Hello! I will be doing Visuals at the COCOON Stage at Future Music Festival in Sydney on the 28th of March from 12-3. Its going to be huge! I have been working on some really awesome stuff, here is just a glimpse.
See you there ;P
Hello! I will be doing Visuals at the COCOON Stage at Future Music Festival in Sydney on the 28th of March from 12-3. Its going to be huge! I have been working on some really awesome stuff, here is just a glimpse.
See you there ;P
Hey, Since last thursday I have been iterating on mapping to a geodesic dome shape. Here are some recordings.
This is a new map I made based on a different geodesic dome image.
The map produced some interesting results, more of a flat kaleidoscope than a 3D object, but still very nice to look at. The the layers are positioned and flipped creates a nice 5 way kaleidoscope, but video is translated not flipped, which gives you a bit more variety. I really like the footage of driving under the Sydney Harbour Bridge, creates a beautiful spiral geometry. The liquid falling through the fish tank was shot at 45˚ so when on the map creates an interesting gemstone feel. In other experiments I rotated the angle of the side of the fish tank, provided appealing refraction effect. Clearly I need to think of more words to describe what I am doing!
The lines in the middle of the video is footage of looking through to the sky through iron bars. As the camera moves around the size an orientation of the bars change, creating different patterns. The strong parallel lines give the illusion of depth, and this effect if furthered when projected. At one point you can see trees through the bars. This part goes on for a little while, but I think that this would work during a performance. Can't change things too much!
Hope you enjoyed this video and run through! I'd love to hear your thoughts or if you want to hear about anything else. I have another new video up on Vimeo, see if you can find it ;) There will be a blog post about it soon :)
Had a fun thursday night with my good friend Jono (who plays as Anatole ) We had some beers, played some tunes, and I had some mapping fun making rad stuff!
So I put a picture of a geodesic dome up on the wall with the Mr Bream the projector. Followed the shape with electrical tape to give the shape and what I would map onto. I ended up just running out of tape but thats ok cause most of it was done.
Here is the final tape gemstone :) Also I put a floating globe in the living room. Fun times. A few beers in ;) Then came to the fun task of mapping! Busted out Mapio2 on my new MacBook Pro and mapped out ~20 surfaces.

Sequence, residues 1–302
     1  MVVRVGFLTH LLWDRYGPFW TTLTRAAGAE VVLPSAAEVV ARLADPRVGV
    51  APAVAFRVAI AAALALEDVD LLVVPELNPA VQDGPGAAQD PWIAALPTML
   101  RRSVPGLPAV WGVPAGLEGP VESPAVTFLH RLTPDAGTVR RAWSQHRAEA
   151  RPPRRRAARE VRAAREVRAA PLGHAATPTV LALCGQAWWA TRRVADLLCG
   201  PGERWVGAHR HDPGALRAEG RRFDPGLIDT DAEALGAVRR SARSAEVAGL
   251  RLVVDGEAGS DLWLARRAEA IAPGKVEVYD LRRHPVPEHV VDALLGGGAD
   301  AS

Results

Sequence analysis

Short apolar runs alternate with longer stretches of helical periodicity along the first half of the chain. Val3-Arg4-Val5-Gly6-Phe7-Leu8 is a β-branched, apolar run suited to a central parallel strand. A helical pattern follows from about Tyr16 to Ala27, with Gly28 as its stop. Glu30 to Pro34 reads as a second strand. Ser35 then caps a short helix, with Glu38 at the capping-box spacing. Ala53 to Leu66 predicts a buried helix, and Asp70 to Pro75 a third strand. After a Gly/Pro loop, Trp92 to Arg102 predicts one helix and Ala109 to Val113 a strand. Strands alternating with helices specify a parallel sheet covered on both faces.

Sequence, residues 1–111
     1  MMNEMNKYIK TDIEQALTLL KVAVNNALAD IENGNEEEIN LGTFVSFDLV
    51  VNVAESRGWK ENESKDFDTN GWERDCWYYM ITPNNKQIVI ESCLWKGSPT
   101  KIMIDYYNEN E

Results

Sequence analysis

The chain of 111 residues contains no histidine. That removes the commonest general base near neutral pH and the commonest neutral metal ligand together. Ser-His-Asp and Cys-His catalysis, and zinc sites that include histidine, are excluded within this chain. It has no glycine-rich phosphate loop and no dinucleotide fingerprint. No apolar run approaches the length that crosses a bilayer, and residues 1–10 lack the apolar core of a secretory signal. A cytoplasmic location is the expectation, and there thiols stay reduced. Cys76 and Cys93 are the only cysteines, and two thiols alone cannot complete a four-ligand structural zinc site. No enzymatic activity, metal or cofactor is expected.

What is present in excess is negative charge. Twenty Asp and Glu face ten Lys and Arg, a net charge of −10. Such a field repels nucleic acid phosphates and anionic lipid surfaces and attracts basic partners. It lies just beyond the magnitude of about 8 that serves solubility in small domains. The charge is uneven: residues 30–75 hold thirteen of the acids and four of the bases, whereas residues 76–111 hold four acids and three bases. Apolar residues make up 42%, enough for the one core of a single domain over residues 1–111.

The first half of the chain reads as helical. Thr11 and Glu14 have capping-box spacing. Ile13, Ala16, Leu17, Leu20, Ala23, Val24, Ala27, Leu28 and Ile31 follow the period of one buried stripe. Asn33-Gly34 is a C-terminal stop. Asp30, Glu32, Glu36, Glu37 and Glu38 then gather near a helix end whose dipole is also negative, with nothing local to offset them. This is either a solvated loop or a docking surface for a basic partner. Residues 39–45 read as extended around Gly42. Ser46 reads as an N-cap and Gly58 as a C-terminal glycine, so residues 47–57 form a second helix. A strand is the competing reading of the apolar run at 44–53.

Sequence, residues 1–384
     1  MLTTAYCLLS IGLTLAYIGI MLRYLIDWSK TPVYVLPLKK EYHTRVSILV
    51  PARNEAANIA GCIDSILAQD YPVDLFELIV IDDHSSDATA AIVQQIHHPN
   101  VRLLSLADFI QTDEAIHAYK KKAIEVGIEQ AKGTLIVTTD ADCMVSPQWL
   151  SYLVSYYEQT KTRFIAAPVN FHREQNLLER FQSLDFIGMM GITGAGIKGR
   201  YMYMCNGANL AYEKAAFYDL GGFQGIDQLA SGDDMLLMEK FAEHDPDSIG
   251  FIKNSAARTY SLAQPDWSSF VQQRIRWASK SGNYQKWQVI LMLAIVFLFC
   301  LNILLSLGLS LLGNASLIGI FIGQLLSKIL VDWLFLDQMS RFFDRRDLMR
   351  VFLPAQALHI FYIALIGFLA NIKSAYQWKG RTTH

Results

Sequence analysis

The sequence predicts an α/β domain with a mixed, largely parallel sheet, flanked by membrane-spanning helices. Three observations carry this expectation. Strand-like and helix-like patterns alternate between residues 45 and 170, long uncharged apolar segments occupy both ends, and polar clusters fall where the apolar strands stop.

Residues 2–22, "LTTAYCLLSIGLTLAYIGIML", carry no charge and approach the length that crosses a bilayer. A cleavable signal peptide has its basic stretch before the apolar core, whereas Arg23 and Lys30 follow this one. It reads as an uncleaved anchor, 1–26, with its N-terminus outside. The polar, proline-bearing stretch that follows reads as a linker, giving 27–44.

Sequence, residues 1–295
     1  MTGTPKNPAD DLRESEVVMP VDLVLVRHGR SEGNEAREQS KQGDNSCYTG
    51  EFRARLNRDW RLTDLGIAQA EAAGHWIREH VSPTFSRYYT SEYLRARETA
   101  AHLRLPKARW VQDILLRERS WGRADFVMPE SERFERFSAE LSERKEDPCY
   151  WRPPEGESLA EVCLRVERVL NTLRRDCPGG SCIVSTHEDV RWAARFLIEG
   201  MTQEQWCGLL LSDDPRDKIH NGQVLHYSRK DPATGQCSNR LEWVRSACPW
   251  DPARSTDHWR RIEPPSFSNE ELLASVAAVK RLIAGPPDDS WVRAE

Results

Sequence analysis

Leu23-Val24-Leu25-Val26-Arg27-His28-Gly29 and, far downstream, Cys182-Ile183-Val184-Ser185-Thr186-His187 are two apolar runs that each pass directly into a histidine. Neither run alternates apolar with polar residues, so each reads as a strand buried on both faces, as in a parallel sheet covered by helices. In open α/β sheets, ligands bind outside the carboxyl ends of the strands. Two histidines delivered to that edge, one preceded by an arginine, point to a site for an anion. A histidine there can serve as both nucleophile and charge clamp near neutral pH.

Mapping was fun, didn't take too long and I had good friends to keep me company as I mapped. Then loaded up VDMX, had a jaffar to celebrate and then blew some minds. #HYPE
Hey Friends! Just a little update with what is going on in my life. I have started working 3 days a week learning about growth and marketing for a start up, lots to learn, and working on some fun projects. I think there will be some great things I learn that I can bring to the art world :)
2 Days a week I have solidly set aside for solely working on my art. So that means practising, but also heaps of organising, admin stuff, working on this website, finding new gigs, working on grants. Fun stuff! Really pleased that I have structured time in my week to make this happen!
Lastly, THE WEEKEND! So I can see my wonderful friends and family and enjoy what life has to offer, plus work in the evenings at clubs and venues to bring light to the people!
Lets see how this plays out! Stay tuned here for more updates and behind the scenes stuff.
Here is video documentation of my Semaphor3 performance at VIVID Sydney this year at Pier 2/3. Enjoy!
Optic Soup brought this projection mapped cube to Vivid Sydney this year as part of Electrolapse. Take a look, it gets pretty heavy.
Check out this video, it's called "Gumbasia" and it was made by Gumby creator Art Clokey. A spoof on the name Fantasia, Clokey made this film in 1953 when he was studying at the University of Southern California. A synesthesic look into some awesome jazz, all done as a stop motion animation using plasticine.
Here are two sets of clips that you can use VJing or remix into whatever you want. Here is the Oil Set. Great for backgrounds or adding colour too.
And here is the geometry set. Full of black and white geometry. Use this for overlays, or cool layer masks. Or whatever you want to do!
All clips are under creative commons, so do what you want with them :)
Let me know what you do with them! I used these clips to make my insane video.
2 sets, 10 clips in total. Enjoy!
Here is a visual video I made for Insane - Flume ft Moon Holiday LDRU Remix.
Watch in HD with some good headphones and you will have a great time.
In March I have been given the oppurtunity to do live visuals for Regrowth Festival just out of Braidwood, NSW.
Here is the highlight reel from Regrowth 2014 that I edited. It has lots of stuff that I did the VJing for, plus some friends in the Optic Soup collective who I do VJing with. Had a really great time at Regrowth, such a receptive and friendly audience. I wanted to do a bit of a breakdown of some of my favourite shots, what they are, and why they are there.
To start with, we have the smoke and "optic soup visuals".